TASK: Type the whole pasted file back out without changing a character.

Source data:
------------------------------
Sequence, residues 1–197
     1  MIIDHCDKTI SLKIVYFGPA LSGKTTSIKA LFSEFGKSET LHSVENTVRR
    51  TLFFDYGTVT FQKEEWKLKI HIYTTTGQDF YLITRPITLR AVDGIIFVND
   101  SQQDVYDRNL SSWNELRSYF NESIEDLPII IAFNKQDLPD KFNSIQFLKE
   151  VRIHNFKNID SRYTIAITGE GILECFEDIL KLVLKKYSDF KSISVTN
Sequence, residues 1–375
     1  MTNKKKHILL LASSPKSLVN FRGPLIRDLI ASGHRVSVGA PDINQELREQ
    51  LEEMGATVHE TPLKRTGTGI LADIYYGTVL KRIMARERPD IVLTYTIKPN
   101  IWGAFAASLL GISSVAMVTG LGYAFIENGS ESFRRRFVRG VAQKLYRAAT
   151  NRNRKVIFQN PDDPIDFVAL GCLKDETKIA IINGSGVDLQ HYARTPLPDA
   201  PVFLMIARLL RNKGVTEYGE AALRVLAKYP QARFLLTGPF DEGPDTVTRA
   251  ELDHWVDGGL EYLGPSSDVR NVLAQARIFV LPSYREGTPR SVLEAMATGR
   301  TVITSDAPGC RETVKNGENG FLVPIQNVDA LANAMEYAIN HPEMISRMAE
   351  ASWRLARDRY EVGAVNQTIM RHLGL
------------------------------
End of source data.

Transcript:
Sequence, residues 1–197
     1  MIIDHCDKTI SLKIVYFGPA LSGKTTSIKA LFSEFGKSET LHSVENTVRR
    51  TLFFDYGTVT FQKEEWKLKI HIYTTTGQDF YLITRPITLR AVDGIIFVND
   101  SQQDVYDRNL SSWNELRSYF NESIEDLPII IAFNKQDLPD KFNSIQFLKE
   151  VRIHNFKNID SRYTIAITGE GILECFEDIL KLVLKKYSDF KSISVTN
Sequence, residues 1–375
     1  MTNKKKHILL LASSPKSLVN FRGPLIRDLI ASGHRVSVGA PDINQELREQ
    51  LEEMGATVHE TPLKRTGTGI LADIYYGTVL KRIMARERPD IVLTYTIKPN
   101  IWGAFAASLL GISSVAMVTG LGYAFIENGS ESFRRRFVRG VAQKLYRAAT
   151  NRNRKVIFQN PDDPIDFVAL GCLKDETKIA IINGSGVDLQ HYARTPLPDA
   201  PVFLMIARLL RNKGVTEYGE AALRVLAKYP QARFLLTGPF DEGPDTVTRA
   251  ELDHWVDGGL EYLGPSSDVR NVLAQARIFV LPSYREGTPR SVLEAMATGR
   301  TVITSDAPGC RETVKNGENG FLVPIQNVDA LANAMEYAIN HPEMISRMAE
   351  ASWRLARDRY EVGAVNQTIM RHLGL